If there is a more enchanting, mystic country in the world than Scotland or Ireland, I haven’t found it yet.
They both are truly magical and seem to have the curious ability to call people back again.
My passage to Ireland began way before I left New Mexico to go abroad for my Masters in 2016.
It was set off by the spark from an earlier experience on the island.
During my years as an undergraduate at Wayland, I had the privilege and opportunity to live in Ireland for a summer, participating in ministry-assistance, as well as a teaching internship. I stayed in Dundalk, Ireland with the principle of a private-Christian school and her three, black German-shepherds (Also, side-note, her dogs were the most beautiful dogs I’ve ever seen).
Those weeks in Ireland completely enthralled me. I had never been somewhere that felt so much like home, while in reality being so far away. I even wrote a short scene-essay, as part of a class, once I was back in the States about a small part of its wonder. Here’s an excerpt of the short scene:
By walking down the meandering road that leads to the village and continuing through and on to the dock, you will reach a footpath that leads alongside the beach. […] Millions of small, sea-smoothed stones litter the ground, along with shells of equal number; many of which have been crushed by the feet of those who made this pilgrimage before you. […] After a small while, you find yourself standing by an inward channel and a suddenly grassy embankment where you can see the most inspiring line of sky that exists for the sight of man. On the left, the Mourne Mountains sweep down to the Carlingford Loch and meet the Irish Sea lapping at their base. Above that, the clouds crouch upon the craggy tops of the mountains. On many evenings, they are huge, billowed, and fierce-looking. Sometimes, they bring a threat of a storm, and on those days, you will find that a sea fog rolls in just before dusk. The colors that paint these monsters create the most magnificent sight. […] The colors roll in on top of each other, changing so quickly, that if you close your eyes against the cool, sting of the sea air, you will miss them. When the sun has finally gone, but dusk is not yet over, majestic purple steals over the skyline and the air becomes poignant at the close of its performance. […] The walk back to the dock becomes a time of meditation, the evening air hushed and unbroken but for the movement of the tide. The earth settles into a quiet, calm reverence as you move back over it. Creation too seems afraid to break the silence left by the sheer grandeur of what unfolded moments ago. Yet even in this stillness, the air is not stagnant. […] The air here is touched somehow, to instill within a soul trust of the quiet surrounding them. With that in mind, saying that the air of this island is ‘God’s breath’ does not seem so farfetched. You can clearly see why this is known as the island of saints and scholars. The atmosphere alone leaves one feeling consecrated to God.”– His Breath Flows Over this Place, Haley Bonner, 2014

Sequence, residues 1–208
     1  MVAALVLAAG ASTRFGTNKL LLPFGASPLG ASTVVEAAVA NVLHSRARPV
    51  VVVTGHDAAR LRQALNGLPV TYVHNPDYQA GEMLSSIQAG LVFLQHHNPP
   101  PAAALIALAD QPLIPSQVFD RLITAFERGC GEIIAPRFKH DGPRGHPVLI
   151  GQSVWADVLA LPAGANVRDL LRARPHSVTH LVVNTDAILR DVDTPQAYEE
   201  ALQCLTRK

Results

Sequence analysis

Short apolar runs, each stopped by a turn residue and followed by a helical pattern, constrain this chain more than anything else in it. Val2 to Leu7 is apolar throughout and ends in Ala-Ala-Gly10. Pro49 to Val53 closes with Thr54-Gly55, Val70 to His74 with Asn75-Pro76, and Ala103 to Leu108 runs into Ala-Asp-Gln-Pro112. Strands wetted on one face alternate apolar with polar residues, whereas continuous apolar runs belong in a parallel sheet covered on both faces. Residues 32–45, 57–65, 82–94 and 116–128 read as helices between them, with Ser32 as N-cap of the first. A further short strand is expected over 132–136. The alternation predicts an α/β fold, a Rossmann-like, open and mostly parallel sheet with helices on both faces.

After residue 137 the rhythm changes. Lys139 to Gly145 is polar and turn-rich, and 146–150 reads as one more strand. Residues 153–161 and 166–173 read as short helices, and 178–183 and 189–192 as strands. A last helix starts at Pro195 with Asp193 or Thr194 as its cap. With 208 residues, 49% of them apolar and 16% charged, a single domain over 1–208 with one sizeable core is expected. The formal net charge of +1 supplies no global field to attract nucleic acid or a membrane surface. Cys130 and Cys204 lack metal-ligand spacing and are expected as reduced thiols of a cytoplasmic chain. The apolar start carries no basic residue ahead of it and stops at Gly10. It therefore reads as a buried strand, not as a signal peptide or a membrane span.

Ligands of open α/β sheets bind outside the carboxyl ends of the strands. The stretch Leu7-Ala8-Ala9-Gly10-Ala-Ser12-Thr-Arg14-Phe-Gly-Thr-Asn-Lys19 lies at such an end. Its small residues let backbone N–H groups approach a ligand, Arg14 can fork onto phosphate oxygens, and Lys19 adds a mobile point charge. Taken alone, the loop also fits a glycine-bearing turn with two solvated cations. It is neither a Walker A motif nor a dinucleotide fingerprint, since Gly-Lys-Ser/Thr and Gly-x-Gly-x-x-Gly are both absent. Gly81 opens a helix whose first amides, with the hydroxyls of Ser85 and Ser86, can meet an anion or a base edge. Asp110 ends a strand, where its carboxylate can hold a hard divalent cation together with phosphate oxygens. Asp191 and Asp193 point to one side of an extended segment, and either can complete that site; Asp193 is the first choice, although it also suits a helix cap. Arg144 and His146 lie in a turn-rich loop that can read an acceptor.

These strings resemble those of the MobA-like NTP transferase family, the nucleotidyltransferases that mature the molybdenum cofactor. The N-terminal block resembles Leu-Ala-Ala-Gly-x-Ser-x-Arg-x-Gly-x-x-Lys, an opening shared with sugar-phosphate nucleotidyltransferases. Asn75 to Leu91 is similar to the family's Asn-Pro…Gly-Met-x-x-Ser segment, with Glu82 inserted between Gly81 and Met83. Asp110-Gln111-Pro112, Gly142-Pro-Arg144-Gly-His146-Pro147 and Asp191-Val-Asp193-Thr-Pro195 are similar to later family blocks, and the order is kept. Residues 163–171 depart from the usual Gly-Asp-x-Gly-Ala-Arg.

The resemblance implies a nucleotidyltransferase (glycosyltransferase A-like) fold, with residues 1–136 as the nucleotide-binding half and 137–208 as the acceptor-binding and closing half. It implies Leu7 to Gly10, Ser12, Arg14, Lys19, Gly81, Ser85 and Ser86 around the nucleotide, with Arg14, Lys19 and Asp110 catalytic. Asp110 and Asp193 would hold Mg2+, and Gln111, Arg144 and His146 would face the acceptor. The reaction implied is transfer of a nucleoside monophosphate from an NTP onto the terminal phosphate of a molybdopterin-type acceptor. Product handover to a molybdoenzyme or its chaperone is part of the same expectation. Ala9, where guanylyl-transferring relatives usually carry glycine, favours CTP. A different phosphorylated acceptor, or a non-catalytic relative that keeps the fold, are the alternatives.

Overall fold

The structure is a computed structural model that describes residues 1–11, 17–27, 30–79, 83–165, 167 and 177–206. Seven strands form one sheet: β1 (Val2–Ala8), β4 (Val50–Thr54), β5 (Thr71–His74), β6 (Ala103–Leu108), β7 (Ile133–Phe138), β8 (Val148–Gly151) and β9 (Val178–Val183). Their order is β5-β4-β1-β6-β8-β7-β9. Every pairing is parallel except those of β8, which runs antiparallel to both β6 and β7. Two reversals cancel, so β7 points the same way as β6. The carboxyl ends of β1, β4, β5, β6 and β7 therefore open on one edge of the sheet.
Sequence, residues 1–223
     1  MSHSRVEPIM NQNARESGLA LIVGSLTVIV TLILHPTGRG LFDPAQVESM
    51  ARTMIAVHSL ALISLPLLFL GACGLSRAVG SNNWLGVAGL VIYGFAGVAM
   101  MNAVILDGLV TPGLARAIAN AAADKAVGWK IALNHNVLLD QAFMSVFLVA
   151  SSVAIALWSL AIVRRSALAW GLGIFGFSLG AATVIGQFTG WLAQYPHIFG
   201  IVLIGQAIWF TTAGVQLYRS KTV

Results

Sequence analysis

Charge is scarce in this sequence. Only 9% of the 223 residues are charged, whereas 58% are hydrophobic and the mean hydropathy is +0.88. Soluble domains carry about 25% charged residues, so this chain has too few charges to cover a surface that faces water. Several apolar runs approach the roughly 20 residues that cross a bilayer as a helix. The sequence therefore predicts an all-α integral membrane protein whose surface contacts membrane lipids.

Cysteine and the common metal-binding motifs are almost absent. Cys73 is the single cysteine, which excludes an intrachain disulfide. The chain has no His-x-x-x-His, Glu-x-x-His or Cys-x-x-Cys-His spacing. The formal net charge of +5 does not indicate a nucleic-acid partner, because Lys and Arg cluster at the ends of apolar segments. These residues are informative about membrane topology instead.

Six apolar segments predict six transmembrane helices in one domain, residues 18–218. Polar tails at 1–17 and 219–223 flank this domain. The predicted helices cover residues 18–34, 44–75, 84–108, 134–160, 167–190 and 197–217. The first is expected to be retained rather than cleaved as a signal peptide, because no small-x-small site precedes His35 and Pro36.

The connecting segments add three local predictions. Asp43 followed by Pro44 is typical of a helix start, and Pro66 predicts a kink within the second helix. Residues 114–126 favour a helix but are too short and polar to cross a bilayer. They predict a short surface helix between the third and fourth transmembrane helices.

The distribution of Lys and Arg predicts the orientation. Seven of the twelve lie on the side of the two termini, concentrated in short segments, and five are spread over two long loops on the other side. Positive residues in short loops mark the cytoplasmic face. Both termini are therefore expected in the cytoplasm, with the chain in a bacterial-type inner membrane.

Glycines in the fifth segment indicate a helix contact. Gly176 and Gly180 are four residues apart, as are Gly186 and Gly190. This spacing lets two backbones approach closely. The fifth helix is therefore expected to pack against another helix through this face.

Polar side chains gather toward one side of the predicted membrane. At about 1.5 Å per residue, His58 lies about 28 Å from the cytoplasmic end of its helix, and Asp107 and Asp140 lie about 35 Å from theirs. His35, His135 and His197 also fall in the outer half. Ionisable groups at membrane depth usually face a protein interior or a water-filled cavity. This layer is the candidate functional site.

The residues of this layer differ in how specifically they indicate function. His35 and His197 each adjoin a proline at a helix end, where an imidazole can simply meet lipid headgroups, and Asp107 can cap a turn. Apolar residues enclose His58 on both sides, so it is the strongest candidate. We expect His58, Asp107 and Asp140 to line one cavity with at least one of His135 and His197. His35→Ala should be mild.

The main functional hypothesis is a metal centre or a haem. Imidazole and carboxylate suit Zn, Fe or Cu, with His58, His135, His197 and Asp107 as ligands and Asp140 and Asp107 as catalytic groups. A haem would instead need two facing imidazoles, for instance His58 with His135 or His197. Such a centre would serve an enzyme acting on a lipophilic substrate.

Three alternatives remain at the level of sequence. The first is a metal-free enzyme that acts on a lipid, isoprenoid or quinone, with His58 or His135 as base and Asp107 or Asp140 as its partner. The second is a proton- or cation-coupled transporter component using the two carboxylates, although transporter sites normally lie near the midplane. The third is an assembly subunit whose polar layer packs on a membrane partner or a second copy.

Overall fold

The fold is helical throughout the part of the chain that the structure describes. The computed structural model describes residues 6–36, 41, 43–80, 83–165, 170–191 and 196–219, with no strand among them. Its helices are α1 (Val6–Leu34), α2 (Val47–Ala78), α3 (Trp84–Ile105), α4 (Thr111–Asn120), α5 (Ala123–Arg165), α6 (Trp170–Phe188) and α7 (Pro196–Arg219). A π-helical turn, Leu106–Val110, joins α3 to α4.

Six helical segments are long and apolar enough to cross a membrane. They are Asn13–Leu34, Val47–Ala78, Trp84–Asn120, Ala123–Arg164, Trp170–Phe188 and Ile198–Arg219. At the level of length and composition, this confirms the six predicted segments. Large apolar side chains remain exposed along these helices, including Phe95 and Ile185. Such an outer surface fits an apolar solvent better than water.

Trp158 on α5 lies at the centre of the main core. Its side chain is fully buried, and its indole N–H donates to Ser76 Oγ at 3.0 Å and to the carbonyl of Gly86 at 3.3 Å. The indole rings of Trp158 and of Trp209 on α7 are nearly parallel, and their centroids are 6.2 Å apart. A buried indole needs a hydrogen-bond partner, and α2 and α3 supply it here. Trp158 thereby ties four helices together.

Long excerpt, I know, but that essay really captured the draw that I felt in Ireland, just the sheer majesty of the country and land. That experience captivated me, and I was eventually drawn back to the “island of Saints and Scholars” as a scholar myself.
Similarly, one of my dearest friends from my undergraduate university went abroad to England and Scotland on short trips for two consecutive years as part of a University-led Study Tour. She, too, had the most magical, moving experiences. And, feeling that pull, she, too, has since moved to Scotland to pursue her Master’s degree.
Annnywho, that is a long-winded way to explain how/why I ended up visiting my friend, Sierra, at St. Andrews, in Scotland (Hint: we were both abroad, going along similar paths).
At the time, I had graduated a few months earlier and was working full-time. So, with my courses done, I was only able to get a few days off from work, and as such, it was a very fast trip. I think I was only actually there for two-and-a-half days over a three-day weekend. But we hadn’t seen each other in over a year and friends do what friends gotta do! So, last-minute, I booked tickets and that was that. Expensive, but necessary.
Early on a Friday morning, I flew from Cork to Edinburgh. My flight there was absolutely normal, no mishaps of any kind, but I somehow managed to get out of the airport without going through any kind of customs? (I think it’s likely to do with the fact that Ireland and Scotland are part of the EU, and since we flew from one EU country to another, maybe they don’t check passports?) Not sure if it’s kosher that that happened, but it happened anyway… and everything seemed to work out, so apparently it’s fine.